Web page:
417 F.3d 133 (1st Cir. 2005), 03-2162, Edes v. Verizon Communications, Inc.
|Citation:||417 F.3d 133|
|Party Name:||Ronald R. EDES, Kevin Lyons, John Parsons, Plaintiffs, Appellants, v. VERIZON COMMUNICATIONS, INC., et al., Defendants, Appellees.|
|Case Date:||August 02, 2005|
|Court:||United States Courts of Appeals, Court of Appeals for the First Circuit|
Heard Feb. 10, 2005.
APPEAL FROM THE U.S. DISTRICT COURT FOR THE DISTRICT OF MASSACHUSETTS, Hon. Patti B. Saris, U.S. District Judge.
[Copyrighted Material Omitted]
Shannon Liss-Riordan, with whom Earl D. Munroe, Munroe & Chew, Michael M. McArdle, and Law Offices of Michael M. McArdle were on brief, for appellant.
Jeffrey G. Huvelle, with whom Frederick G. Sandstrom, Covington & Burling, Marc Schoenecker, and Verizon Services Group were on brief, for appellee.
Before Torruella, Lynch, and Lipez, Circuit Judges.
LIPEZ, Circuit Judge.
Plaintiffs-appellants Ronald R. Edes, Kevin Lyons, and John Parsons appeal the dismissal of their claims against Defendants-appellees Verizon Communications, Inc., et al., under the Employee Retirement Income Security Act of 1974, 29 U.S.C § 1001-1461, as amended ("ERISA"). Plaintiffs allege that Defendants violated ERISA by relegating them to the payrolls of third-party payroll agencies, thereby: (1) wrongfully denying them benefits under ERISA plans; (2) interfering with their attainment of plan participation rights; (3) breaching fiduciary duties owed to them; (4) failing to meet ERISA's minimum participation standards; and (5) using arbitrary, unwritten plan eligibility criteria. We affirm the district court's decision to dismiss each of these claims pursuant to Fed.R.Civ.P. 12 (b) (6).
As alleged in the complaint, Plaintiffs were hired by GTE Service Corporation ("GTE"), a business unit of GTE Corporation (now Verizon Communications, Inc.), to work in its Danvers, Massachusetts, office in or around April 1994. Although Plaintiffs were hired directly by GTE, each was told to sign on with one of two independent payroll agencies, FISC Inc. or BeneTemps Inc., who issued Plaintiffs' paychecks during the entire period of their employment with GTE. Plaintiffs received no paychecks or benefits from GTE during their tenure. In all other respects, Plaintiffs were treated like "regular," full-time GTE employees. In particular, Plaintiffs received the same training, performance reviews, and access to GTE facilities as other employees; were invited to corporate functions, staff meetings, and committee service just as other employees were; and were explicitly instructed to identify themselves to outsiders as "GTE employees" rather than as temporary employees. In short, according to the complaint, Plaintiffs
were "thoroughly integrated in GTE's workforce."
In August 1998, GTE terminated Parsons' employment in preparation for closing the Danvers facility. In December 1998, GTE terminated Edes' and Lyons' employment. On May 3, 1999, Plaintiffs made demands for ERISA plan benefits on the GTE Human Resources Department. GTE denied the claims on September 8, 1999 on the ground that Plaintiffs had not been employed by GTE, and offered Plaintiffs no administrative review options.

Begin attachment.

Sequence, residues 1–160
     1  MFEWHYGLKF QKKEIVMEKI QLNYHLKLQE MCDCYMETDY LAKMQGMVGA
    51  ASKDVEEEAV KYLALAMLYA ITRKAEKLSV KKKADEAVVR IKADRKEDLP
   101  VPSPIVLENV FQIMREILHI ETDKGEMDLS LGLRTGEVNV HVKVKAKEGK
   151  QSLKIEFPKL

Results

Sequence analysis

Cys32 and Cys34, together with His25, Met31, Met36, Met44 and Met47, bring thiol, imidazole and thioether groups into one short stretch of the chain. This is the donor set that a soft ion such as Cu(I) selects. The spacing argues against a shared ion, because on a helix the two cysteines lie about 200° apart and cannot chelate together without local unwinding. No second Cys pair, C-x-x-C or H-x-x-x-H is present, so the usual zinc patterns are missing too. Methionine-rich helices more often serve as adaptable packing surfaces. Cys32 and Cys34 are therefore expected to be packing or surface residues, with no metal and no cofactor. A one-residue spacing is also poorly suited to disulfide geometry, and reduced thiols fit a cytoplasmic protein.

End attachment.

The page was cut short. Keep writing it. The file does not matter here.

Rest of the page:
On October 10, 2001, Plaintiffs filed a putative class-action complaint in federal district court against Verizon Communications, Inc. (formerly GTE Corporation), seven named GTE ERISA benefits plans and their administrators and fiduciaries, 1 and "GTE John Doe Unknown Plans 1 - 10." Plaintiffs alleged, on information and belief, that because eligibility to participate in GTE's ERISA plans was "expressly limited to employees who were paid directly by a participating business unit," Defendants had violated their rights under ERISA and state common law.
On February 20, 2002, Defendants moved to dismiss each of Plaintiffs' claims pursuant to Fed.R.Civ.P. 12 (b) (6), arguing, inter alia, that their claims of interference with attainment of participation rights and breach of fiduciary duty were time-barred and their state common-law claim preempted. After a hearing on the motion, the court stayed discovery but did not stay automatic disclosure, noting that Defendants had yet to disclose the plans' actual language. On September 19, 2002, the court issued an order denying Defendants' motion to dismiss without prejudice to its renewal "once the precise language of the terms of eligibility is produced." In October 2002, Defendants submitted an attorney declaration with exhibits stating that they had disclosed plan documents to Plaintiffs in May and June 2002. After the court permitted Plaintiffs to take a deposition to determine when the relevant eligibility criteria had been included in GTE's ERISA plans, Defendants filed a memorandum in further support of their motion to dismiss in January 2003. Plaintiffs filed a memorandum in further opposition to the motion.2